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House Subcommittee on Courts and Competition Policy Holds Hearing on Legal Issues Concerning State Alcohol Regulation

Beer Wholesalers Seek to Repeal Constitution to Protect Economic Interests "Outrageous Wish List" Includes Exemption from Anti-Trust Law
March 18, 2010

While some industry observers had known for weeks that beer wholesalers were “shooting for the moon” in an attempt to prevent any reform of the three-tier system, yesterday’s hearing on “issues, concerning state alcohol regulation,” caught many by surprise. Some felt blindsided. The hearing seemed to come right out of left field.

The hearing had been called somewhat hastily. Congressional staffers contacted representatives of industry associations to ask them to participate just a week prior but were vague on what the hearings would cover. Wine America, Wine Institute, the Specialty Wine Retailers, as well as others, declined to testify.

Why the hearing?

It was about political obligations, economic protectionism and using Congress to get there in the name of the so-called public interest.

To protect its economic interests, the National Beer Wholesalers Association has a wish list and has been circulating confidential draft legislation that includes asking Congress to grant states unlimited power to pass laws dealing with wine and alcohol. The group is even asking for anti-trust immunity to protect its state-mandated monopoly on distribution.

Rep. Bobby Rush, first to speak called the subcommittee’s decision to review regulation of alcoholic beverages “wise” and necessary “in light of the 2005 Granholm Supreme Court case (on direct shipping).” Rush also said that the three-tier system is “under attack” in his home state of Illinois where the Illinois Liquor Control Commission denied a wholesaler license to the world’s largest brewer, who had been seeking to buy a Chicago a distributorship. (A-B has since filed litigation and in an ironic twist, is arguing that the state has discriminated against it in violation of the Granholm decision.)

“My objective is not to protect wholesalers or hurt producers,” Rush claimed, “but rather to protect the people of my community who are, in many cases, disproportionately overwhelmed with marketing and promotional advertising designed to get them to drink.”

Nobody had the guts to present the actual wish list. It probably would have been pretty embarrassing. Much of the testimony skirted around the elephant in the room, though Representative George Radanovich, a co-founder of the Congressional Wine Caucus, confronted it directly.

“There is draft legislation floating around the House that is associated with this hearing today,” Radanovich said. “It is believed to be promoted by the beer wholesalers, and they present this committee today with a very long, broad and quite frankly, outrageous wish list.”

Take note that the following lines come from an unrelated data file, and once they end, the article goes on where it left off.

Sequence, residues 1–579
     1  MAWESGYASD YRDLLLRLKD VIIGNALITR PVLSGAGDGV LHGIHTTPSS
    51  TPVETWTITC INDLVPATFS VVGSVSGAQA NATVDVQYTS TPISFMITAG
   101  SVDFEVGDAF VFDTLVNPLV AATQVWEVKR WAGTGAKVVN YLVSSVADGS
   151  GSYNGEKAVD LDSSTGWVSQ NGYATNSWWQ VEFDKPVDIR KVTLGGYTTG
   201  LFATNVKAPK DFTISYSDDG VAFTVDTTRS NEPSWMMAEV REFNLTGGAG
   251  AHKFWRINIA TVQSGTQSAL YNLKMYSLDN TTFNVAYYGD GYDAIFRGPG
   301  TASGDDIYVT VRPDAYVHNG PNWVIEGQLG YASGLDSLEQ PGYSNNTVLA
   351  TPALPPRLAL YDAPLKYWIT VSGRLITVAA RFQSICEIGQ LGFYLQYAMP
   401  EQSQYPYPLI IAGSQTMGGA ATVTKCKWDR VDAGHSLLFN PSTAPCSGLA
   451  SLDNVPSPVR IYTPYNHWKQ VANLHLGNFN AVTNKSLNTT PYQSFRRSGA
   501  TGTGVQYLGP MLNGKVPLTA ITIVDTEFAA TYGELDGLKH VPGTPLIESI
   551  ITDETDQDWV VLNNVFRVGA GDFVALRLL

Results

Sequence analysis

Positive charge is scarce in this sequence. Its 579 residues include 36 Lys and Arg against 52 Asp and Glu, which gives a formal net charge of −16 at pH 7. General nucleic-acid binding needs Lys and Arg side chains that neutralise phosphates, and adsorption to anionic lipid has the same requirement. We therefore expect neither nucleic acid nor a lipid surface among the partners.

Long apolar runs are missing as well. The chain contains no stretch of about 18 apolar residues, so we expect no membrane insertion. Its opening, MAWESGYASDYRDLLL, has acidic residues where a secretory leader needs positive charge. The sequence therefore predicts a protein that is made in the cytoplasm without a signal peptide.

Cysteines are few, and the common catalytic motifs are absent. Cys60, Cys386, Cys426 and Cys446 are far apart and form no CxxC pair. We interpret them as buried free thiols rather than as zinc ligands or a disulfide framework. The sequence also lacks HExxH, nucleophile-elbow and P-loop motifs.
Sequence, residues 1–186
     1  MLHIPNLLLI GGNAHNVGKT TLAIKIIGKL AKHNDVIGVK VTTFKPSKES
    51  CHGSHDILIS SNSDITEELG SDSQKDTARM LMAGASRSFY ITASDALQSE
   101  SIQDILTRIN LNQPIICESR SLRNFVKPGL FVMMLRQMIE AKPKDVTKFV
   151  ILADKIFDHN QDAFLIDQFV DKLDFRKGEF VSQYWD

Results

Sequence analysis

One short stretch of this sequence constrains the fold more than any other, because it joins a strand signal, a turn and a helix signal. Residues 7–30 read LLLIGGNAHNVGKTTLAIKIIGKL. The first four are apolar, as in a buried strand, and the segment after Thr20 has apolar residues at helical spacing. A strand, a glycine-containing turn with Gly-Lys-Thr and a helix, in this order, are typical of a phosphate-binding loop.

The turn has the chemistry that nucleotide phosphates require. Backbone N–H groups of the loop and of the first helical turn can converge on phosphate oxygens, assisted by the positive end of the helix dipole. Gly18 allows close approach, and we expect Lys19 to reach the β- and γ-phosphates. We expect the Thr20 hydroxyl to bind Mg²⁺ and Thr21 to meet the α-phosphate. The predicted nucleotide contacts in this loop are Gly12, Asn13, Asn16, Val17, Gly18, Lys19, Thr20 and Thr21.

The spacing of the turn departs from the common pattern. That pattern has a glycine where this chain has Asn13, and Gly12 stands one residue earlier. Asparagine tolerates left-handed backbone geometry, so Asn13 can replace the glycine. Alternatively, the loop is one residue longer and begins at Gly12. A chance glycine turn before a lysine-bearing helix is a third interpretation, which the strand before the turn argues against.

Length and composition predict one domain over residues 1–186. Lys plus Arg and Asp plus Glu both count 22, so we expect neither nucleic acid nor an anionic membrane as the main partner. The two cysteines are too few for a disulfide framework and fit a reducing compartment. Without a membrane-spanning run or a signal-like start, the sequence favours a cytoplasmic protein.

Radanovich said the wish list includes: having Congress grant the States an antitrust exemption; allowing state laws to override federal and Constitutional mandates; having Congress overturn a 40 years of judicial decisions; and allowing states to be relieved from having to prove that their own laws are constitutional.

The hearing appeared to be scheduled on short notice, but players had lobbied for it for a considerable time. A statement issued by Beer Institute’s board on March 11 confirmed that the institute had worked with NBWA’s executive committee to help co-author federal legislation to “further protect the three-tier system from recent legal challenges.” The statement noted that it’s brewers and importers are “vigorously supportive of the three-tier system,” but said the two groups were at odds and called NBWA’s legislative strategy “detrimental to the interests of all those who brew, distribute or sell beer.”

"You may hear today that this legislation is needed to curb litigation by wineries and breweries," Representative Mike Thompson said at the hearing. "These cases are modest in number, but all point to discriminatory state laws that favor wholesalers. We don’t need a new federal law – the litigation will stop when the states stop passing discriminatory laws promoted by the wholesalers."

“I think this will be the first of several hearings with the possibility of a bill being out there,” one industry insider lamented after the hearing. “It’s outrageous what they’re asking. What other business in the U.S. has anti-trust immunity and an immunity from the U.S. Constitution? There is nothing out there that has it, but that’s what they want.”

Click here for NBWI's statement on the hearing

Click here for Wine Institute’s statement on the hearing

Click here for the Specialty Wine Retailers statement on the hearing

Click here for WSWA’s statement on the hearing

The website of the committee of the judiciary includes direct links to the prepared testimony of each person that testified at the hearing, including:

Hon. Bobby L. Rush
U.S. House of Representatives
1st District, Il

Hon. C. Michael Thompson
U.S. House of Representatives
1st District, CA

Hon. Steven I. Cohen
U.S. House of Representatives
9th District, TN

Hon. George P. Radanovich
U.S. House of Representatives
19th District, CA

James C. Ho
Solicitor General of Texas
Office of the Solicitor General
Austin, TX

Nida Samona
Michigan Liquor Control Commission
Lansing, MI

Stephen K. Hindy
Chairman and President
Brooklyn Brewery
Brooklyn, NY

Pamela S. Erickson
Chief Executive Officer
Public Action Management
Scottsdale, AZ

Darren Bush, Ph.D., J.D.
Associate Professor of Law
University of Houston Law Center
Houston, TX

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